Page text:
All too often, a woman gets an ache in her chest and doesn’t know what to think. Heart disease is the leading cause of death in women. But chest pain can be caused by other culprits, leaving women wondering what to do.
Seeing a doctor is the first step. Women who want additional information also can turn to the book “Heart Disease in Women” (Jaypee Medical, 2015) for a wealth of information on the causes of chest pain and heart disease. This book explains why so many women have died before getting medical help and how that is changing.
Many women have symptoms of heart disease that are called “atypical” (translation: unlike men), so they may not realize what they have. They may dismiss chest pain or other symptoms as a passing annoyance when in fact they are risking heart attack or related problems. In past years, even doctors may not have recognized symptoms such as jaw or shoulder pain, shortness of breath, dizziness, nausea and fatigue as the signs of serious heart risk or even heart attack.
“Heart Disease in Women” takes a comprehensive look at the symptoms, diagnosis and treatment of the leading cause of death in women worldwide. The chapters are written by heart specialists, detailed enough to provide guidance to medical professionals, but also clear enough to appeal to the general public.
Included are discussions of the myths, misunderstandings and facts about heart disease in women. Although it is widely viewed as a “man’s disease,” heart disease in fact kills more U.S. women than men.
In women, symptoms of heart disease may differ from the classic pattern often seen in men, according to the authors. Only 28 percent of women coming to the hospital emergency department experience the classic left-sided, pressure-like, radiating chest pain, compared with 55 percent of men.
Women often describe feeling short of breath or having abdominal pain, shoulder or arm pain, fatigue and nausea before or during a heart attack. They also are more likely to experience neck and jaw pain. Given that these symptoms can be vague or caused by other problems, doctors may look for other tip-offs of heart attack like a racing heart beat with high blood pressure, the authors said. If a heart attack is suspected, tests including an electrocardiogram (are done and treatment is begun, if appropriate.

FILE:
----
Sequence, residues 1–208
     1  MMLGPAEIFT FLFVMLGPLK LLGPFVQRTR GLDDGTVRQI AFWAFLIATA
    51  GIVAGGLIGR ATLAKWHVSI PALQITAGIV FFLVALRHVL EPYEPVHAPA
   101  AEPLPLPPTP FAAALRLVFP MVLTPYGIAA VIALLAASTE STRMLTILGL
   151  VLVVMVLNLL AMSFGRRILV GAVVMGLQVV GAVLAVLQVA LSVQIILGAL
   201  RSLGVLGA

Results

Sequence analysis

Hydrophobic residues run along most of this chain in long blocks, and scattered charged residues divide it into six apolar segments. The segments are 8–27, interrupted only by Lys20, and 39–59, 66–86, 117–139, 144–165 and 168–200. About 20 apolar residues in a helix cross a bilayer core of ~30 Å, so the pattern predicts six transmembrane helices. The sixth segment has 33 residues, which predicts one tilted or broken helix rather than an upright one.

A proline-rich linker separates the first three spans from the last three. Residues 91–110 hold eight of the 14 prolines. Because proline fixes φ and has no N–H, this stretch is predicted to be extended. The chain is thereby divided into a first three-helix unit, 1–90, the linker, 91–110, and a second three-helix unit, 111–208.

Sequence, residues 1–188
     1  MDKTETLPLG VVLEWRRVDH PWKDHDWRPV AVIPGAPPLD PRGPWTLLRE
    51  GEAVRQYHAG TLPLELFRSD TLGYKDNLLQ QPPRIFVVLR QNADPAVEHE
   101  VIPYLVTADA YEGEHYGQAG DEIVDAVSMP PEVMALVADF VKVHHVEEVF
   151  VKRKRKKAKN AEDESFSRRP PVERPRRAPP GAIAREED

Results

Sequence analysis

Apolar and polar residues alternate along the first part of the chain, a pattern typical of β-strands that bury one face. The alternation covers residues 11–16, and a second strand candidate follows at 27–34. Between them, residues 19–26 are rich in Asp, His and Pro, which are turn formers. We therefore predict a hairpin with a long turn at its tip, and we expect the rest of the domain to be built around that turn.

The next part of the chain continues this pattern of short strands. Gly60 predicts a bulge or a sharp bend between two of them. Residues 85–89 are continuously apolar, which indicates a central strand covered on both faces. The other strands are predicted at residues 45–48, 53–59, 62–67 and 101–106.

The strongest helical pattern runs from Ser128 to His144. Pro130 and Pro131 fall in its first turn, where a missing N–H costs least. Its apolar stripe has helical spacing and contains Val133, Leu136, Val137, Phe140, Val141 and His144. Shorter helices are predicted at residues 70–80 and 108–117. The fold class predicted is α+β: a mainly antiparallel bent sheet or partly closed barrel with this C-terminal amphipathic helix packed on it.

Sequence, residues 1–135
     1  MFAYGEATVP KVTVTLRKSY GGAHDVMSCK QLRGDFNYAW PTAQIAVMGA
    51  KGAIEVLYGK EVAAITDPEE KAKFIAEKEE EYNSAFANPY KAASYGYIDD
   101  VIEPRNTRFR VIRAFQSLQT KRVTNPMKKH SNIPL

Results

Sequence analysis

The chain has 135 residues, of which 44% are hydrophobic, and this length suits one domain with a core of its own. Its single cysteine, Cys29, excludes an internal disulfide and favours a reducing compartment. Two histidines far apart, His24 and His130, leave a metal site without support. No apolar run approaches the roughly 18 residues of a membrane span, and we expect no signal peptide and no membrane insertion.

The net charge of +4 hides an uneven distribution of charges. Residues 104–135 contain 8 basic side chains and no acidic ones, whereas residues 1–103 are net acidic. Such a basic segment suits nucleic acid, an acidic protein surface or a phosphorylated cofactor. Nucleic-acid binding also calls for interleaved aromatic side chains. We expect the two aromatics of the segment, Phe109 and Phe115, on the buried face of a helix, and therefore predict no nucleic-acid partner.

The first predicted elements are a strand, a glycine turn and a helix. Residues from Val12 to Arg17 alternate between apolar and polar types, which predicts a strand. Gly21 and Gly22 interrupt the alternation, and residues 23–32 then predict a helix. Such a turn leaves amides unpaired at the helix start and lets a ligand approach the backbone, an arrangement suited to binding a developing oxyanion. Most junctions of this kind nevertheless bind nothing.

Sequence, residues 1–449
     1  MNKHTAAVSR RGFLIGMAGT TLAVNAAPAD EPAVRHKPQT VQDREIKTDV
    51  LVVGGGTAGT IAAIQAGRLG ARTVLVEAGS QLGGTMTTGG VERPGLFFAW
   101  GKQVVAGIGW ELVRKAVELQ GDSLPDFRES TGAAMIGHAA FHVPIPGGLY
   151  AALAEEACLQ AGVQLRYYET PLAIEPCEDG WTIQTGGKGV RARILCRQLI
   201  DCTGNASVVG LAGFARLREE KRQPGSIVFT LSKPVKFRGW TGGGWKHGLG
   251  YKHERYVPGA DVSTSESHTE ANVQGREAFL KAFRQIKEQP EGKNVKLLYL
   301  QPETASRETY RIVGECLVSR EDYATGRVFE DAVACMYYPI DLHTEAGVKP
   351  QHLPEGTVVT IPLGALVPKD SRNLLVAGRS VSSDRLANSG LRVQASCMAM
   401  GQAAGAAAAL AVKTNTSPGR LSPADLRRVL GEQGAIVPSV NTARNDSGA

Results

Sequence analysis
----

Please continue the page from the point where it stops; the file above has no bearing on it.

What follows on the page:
For women who have already seen a doctor, “Heart Disease in Women” delves into treatments they may get to prevent the progression of heart disease.
The book also has chapters on the role of mental stress and burnout in heart disease. Studies have found that, in people under age 50, job stress and burnout are linked to a higher risk of heart disease in women than in men. In older women and men, that difference disappears.
There are also chapters on the impact of pregnancy and menopause on cardiovascular function, including a section on menopausal hormone therapy.
You will find these books and many more on the shelves of Stanford Health Library. Electronic books are also available in our collection, accessed through the library website at healthlibrary.stanford.edu/resources/ebooks.html. Using the login and password available on the main screen, click the blue “EBSCO Host” button and enter the login and password.
The main branch of Stanford Health Library is located at Hoover Pavilion, 211 Quarry Road Suite 201, Palo Alto. Hours are 9 a.m. to 5 p.m. weekdays. Other locations include Stanford Cancer Center in Palo Alto, the Ravenswood Family Health Center in East Palo Alto and Stanford Cancer Center South Bay in San Jose.
Donna Alvarado is health library specialist at Stanford Health Library. For more information, call 725-8400 or visit healthlibrary.stanford.edu.